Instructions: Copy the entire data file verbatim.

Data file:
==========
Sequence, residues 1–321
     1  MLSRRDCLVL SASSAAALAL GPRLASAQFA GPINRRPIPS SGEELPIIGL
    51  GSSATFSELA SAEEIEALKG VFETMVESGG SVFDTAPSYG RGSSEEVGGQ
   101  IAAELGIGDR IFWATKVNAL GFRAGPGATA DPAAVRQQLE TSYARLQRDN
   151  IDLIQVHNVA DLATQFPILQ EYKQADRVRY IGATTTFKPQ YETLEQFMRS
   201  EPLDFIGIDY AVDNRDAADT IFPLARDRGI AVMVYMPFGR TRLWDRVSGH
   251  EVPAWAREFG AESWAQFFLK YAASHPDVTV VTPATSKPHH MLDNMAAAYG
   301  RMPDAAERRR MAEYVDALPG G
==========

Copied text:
Sequence, residues 1–321
     1  MLSRRDCLVL SASSAAALAL GPRLASAQFA GPINRRPIPS SGEELPIIGL
    51  GSSATFSELA SAEEIEALKG VFETMVESGG SVFDTAPSYG RGSSEEVGGQ
   101  IAAELGIGDR IFWATKVNAL GFRAGPGATA DPAAVRQQLE TSYARLQRDN
   151  IDLIQVHNVA DLATQFPILQ EYKQADRVRY IGATTTFKPQ YETLEQFMRS
   201  EPLDFIGIDY AVDNRDAADT IFPLARDRGI AVMVYMPFGR TRLWDRVSGH
   251  EVPAWAREFG AESWAQFFLK YAASHPDVTV VTPATSKPHH MLDNMAAAYG
   301  RMPDAAERRR MAEYVDALPG G